There is a weird behaviour of the library? — You go out of your way to read the documentation and sources. And you debug and use print statements.

You do all of that until you understand precisely why it behaves this way.

Perhaps, you catch a glimpse of a new concept, but made it work without fully understanding it? — go there, read about it, play around with it, until you have a full understanding of it.

Do you have a bug in front of you, and somehow your last code change made it fixed? But you still don’t understand the bug? — You don’t stop there.

You figure out why it was not working, and why your fix worked.

Sometimes, you’ll need to create a tiny application just to play around with a single new concept. Use it in all the forms and for different purposes, until you’re confident that you got this.

I hear you’re saying: “One day? No matter how much learning you do — it is just not possible!”

Heck, it takes months and sometimes years to learn a programming language!

I know, right?

That is true. It takes so much time to learn even a single concept in programming.

But it takes a tiny bit less time to learn your second concept. Especially, if that concept has some connection to the one you’ve just learned before.

But it all checks out.

Science Behind Learning Programming Language in a Day

In Human Cognition and Learning, there are few theories on how people process information and learn. These all theories are significant and complement each other.

There is one theory that contributes to this effect of learning a programming language in a day.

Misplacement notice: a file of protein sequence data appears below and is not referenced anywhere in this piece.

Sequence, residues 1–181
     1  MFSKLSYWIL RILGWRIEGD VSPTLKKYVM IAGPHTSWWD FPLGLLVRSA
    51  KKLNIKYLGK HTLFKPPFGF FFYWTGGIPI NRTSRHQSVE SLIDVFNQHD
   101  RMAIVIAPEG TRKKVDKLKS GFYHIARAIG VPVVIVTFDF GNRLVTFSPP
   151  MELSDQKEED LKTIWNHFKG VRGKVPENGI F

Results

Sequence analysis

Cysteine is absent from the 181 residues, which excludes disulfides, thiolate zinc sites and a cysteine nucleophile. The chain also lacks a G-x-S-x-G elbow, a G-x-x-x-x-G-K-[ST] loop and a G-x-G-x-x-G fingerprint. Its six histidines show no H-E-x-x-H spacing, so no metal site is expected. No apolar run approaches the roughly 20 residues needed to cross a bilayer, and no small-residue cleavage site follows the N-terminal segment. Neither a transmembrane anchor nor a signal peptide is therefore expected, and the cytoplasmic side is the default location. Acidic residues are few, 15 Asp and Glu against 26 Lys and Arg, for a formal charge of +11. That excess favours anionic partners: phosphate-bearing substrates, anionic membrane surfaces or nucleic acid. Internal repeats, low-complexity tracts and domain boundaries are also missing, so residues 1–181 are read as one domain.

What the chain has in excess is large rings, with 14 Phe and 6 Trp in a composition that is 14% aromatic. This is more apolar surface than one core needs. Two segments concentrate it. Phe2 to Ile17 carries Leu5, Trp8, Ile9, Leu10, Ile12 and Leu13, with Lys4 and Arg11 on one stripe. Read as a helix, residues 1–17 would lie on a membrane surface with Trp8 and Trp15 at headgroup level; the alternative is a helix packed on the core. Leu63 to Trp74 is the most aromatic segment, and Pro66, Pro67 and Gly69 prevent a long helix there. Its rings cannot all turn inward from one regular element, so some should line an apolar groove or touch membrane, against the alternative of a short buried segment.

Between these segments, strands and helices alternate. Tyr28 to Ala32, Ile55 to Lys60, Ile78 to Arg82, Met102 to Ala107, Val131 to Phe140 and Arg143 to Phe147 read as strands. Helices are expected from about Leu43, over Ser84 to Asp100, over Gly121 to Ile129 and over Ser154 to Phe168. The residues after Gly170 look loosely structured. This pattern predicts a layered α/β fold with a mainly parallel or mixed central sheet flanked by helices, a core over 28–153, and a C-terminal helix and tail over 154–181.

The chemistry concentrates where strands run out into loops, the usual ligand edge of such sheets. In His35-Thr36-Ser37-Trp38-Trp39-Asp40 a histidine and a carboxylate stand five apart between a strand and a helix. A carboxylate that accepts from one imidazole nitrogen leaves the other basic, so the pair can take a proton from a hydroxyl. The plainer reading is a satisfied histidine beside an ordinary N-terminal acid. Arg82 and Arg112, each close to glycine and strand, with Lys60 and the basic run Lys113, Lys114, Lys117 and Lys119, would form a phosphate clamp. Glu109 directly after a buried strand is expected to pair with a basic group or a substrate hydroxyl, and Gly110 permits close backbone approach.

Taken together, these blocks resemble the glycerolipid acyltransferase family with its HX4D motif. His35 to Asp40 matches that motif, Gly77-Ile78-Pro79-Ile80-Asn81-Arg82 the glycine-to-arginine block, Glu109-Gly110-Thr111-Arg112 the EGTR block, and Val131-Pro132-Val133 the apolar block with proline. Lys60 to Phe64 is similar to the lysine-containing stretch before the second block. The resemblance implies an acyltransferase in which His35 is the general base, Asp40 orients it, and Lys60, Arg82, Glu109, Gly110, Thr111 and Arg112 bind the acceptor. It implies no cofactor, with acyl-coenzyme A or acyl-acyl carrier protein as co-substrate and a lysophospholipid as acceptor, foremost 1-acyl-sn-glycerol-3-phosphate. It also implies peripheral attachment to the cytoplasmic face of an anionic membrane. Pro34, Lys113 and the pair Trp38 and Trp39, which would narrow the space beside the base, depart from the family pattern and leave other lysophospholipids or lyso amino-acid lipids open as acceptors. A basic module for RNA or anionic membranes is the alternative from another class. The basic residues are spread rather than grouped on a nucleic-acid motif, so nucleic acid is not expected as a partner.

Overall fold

It is the Schema Theory developed by the respected psychologist Richard C. Anderson (Anderson 1977, 1978; Shallert 1982).

You can dig into these white papers in your own time, but let me quickly give you an overview of most important parts here.

The main concept in the schema theory is Schema. It represents generic knowledge. A schema includes slots for all the components and features included in it.

One schema can contain other schemata (plural of schema). Essentially, schemata are embedded within others at different levels of abstraction. But relationships between those are not necessarily hierarchical (like a tree in programming), but more like webs (bi-directional graphs in programming).

Let me give you an example of what could be person’s schema of a “variable”:

I’m pretty sure there is a lot one can add to that schema. You can continue expanding this schema endlessly.

At some point, you will even escape domain of programming and start talking about normal things in life and nature. Or perhaps, you can connect it to mathematics or linguistics domain. And so on.

Why do you think I’m so obsessed with cognition and learning?

I’ve spent a few weeks digging through papers to understand how a person can learn faster and better. Especially, I was interested in formal and abstract concepts’ learning.

I did it because I’m creating a few Kotlin and Android tutorials and I encourage you to become a member of iwillteachyoukotlin so that you can receive an early preview version of my “Ultimate Tutorial: Getting Started With Kotlin on Android.”

Anyways. Schemata like that are not just drawn on the paper by a learning student (not saying that you couldn’t — it might be a good idea).

They are formed naturally in one’s brain when individual gains more an more experience and concept understanding.

Schemata change all the time. Even right now, while you are reading this same text, your schemata are being expanded and re-structured (unless you already know everything here).

The most important point is that schemata like that are much more than a sum of its parts. Whenever your brain makes a meaningful connection between two schemata, you gain insight.

It is like having a breakthrough.